Legal Aid Society

A Day In The Life

Preventing Evictions in the Citywide Housing Justice Practice

Munonyedi “Mun” Clifford, Attorney-in-Charge of The Legal Aid’s Citywide Housing Practice, was raised by a single mother who fought hard to pay the rent and get her 4 children through school. As a young adult, she saw her mother negotiate her way out of an eviction case, and fight foreclosure on a home she bought in Staten Island. These were formative experiences.

“I thought, how awful that she had to navigate this whole entire thing by herself,” said Mun. “It got me thinking, what can I do after college where I can help people like my mom.”

While in Law School, she began volunteering at Staten Island Legal Services in their Home Owners Defense Project, where attorneys assisted low-income families get modifications of their subprime loans, an Obama-era program that helped struggling homeowners avoid foreclosure.

Mun began her career at Legal Aid as a staff attorney in the housing practice at The Harlem Community Law Office in 2011. She has witnessed the effects of greed, gentrification, and predatory practices on low-income communities of color which has served to strengthen her commitment to the fight for racial and housing justice.

There are so many studies on the destabilizing effect evictions have – especially on people of color. It would not be an over statement to say that housing attorneys are saving lives by keeping families in their homes.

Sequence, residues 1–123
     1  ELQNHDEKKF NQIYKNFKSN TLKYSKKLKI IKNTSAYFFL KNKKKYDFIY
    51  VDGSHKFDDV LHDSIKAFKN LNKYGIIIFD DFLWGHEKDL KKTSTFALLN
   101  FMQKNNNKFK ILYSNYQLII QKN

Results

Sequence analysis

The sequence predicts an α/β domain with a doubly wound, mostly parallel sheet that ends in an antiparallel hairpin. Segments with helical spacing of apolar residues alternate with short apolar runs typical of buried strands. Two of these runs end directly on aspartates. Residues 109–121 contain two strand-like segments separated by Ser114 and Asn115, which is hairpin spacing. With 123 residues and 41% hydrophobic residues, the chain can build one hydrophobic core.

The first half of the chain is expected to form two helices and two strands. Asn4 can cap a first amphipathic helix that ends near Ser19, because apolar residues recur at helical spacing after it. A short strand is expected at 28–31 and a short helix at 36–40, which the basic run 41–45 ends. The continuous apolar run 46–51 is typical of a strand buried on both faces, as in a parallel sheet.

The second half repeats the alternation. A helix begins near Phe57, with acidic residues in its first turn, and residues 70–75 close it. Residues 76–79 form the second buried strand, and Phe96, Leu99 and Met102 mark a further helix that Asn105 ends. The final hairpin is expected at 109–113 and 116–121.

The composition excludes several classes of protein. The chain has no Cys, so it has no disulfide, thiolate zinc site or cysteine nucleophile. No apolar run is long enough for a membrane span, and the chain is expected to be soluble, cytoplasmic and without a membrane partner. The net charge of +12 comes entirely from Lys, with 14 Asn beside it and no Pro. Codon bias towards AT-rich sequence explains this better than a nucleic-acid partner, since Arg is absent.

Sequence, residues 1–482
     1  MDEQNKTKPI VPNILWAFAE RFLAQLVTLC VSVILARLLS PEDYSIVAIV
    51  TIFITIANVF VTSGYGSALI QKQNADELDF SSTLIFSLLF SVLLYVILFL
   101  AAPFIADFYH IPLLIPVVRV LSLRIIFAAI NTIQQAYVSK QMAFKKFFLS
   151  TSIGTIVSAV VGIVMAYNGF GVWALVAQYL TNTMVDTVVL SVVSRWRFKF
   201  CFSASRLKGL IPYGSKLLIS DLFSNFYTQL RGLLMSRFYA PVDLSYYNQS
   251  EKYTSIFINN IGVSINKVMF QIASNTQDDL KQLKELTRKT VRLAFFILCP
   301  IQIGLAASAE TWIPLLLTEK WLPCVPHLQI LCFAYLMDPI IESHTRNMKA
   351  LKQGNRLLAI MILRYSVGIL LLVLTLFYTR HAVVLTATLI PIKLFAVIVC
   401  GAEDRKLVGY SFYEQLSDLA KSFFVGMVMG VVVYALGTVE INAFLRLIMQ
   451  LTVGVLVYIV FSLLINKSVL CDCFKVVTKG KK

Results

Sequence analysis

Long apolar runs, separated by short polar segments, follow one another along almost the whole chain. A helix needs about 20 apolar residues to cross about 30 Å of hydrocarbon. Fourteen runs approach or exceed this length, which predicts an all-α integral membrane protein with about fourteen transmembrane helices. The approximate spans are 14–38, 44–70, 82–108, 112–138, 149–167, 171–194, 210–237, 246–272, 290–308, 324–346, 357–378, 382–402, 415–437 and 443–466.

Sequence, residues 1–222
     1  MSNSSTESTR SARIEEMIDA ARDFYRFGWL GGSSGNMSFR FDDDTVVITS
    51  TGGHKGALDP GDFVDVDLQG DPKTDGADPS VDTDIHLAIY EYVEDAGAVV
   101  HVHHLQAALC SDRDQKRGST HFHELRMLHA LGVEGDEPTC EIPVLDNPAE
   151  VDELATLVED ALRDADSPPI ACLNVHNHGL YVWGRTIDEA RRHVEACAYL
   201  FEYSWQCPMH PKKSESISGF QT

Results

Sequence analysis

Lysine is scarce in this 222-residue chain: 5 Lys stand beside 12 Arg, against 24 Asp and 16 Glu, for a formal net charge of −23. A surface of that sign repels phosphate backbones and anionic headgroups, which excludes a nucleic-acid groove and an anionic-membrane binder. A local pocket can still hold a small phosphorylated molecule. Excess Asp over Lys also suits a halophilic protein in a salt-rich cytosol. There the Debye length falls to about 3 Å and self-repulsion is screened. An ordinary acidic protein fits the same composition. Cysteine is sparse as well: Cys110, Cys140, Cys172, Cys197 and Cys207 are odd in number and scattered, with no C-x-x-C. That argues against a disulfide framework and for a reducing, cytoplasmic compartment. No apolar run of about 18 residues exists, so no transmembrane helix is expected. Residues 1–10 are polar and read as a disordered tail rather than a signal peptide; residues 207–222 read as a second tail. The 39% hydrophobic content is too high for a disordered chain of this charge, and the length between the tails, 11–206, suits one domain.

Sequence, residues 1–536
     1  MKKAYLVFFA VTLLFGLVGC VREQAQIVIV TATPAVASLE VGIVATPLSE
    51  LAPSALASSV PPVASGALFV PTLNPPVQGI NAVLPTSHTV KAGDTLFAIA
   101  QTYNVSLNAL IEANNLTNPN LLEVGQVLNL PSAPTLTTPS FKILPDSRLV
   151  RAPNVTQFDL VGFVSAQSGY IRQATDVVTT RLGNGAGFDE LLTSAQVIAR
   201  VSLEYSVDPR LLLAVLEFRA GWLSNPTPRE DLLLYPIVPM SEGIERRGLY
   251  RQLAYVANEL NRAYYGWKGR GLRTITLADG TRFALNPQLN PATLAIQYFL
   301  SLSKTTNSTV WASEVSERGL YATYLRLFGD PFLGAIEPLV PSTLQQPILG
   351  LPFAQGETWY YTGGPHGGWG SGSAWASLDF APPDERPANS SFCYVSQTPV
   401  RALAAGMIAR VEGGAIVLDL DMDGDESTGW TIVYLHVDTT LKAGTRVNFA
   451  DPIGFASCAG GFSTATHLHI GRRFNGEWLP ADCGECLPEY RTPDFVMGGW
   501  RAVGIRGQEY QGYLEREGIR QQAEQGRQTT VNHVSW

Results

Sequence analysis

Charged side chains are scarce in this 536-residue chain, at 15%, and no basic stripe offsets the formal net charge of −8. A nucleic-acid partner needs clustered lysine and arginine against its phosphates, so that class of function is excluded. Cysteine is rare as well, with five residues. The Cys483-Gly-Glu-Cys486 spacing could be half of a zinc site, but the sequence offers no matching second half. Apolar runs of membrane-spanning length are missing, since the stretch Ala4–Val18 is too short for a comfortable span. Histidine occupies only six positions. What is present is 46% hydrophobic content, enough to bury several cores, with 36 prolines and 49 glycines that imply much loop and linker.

Until 2017, New Yorkers did not have guaranteed representation in housing court during eviction proceedings, and low-income tenants went up against powerful landlords and their attorneys. When the Right to Counsel law was passed, it offered hope to these tenants in the form of representation. Mun led the Expanded Legal Services (ELS) Project in Manhattan. ELS was an early iteration of the the Right to Counsel program. She also served as a deputy director of the Housing Rights Practice at Queens Legal Services.

While there are certainly growing pains, the Right to Counsel program is highly effective. Tenants who have an attorney in an eviction proceeding are less likely to be subject to a possessory judgment, the money judgments in these cases are less than in cases where the tenant is unrepresented, and these tenants are less likely to have a warrant of eviction issued against them. Additionally, tenants who are represented by attorneys are almost guaranteed to remain housed.

The economic downturn caused by the COVID-19 pandemic and expiring eviction protections have caused eviction proceedings in New York City to spike, exceeding the capacity of service providers like Legal Aid to provide representation to all the tenants in need of an attorney. The result is low-income New Yorkers appearing in housing court without an attorney.

Legal Aid has repeatedly called on The New York State Office of Court Administration to end this crisis of non-representation by capping eviction cases at a level that matches the capacity of legal service providers, ensuring all eligible tenants are paired with an attorney.

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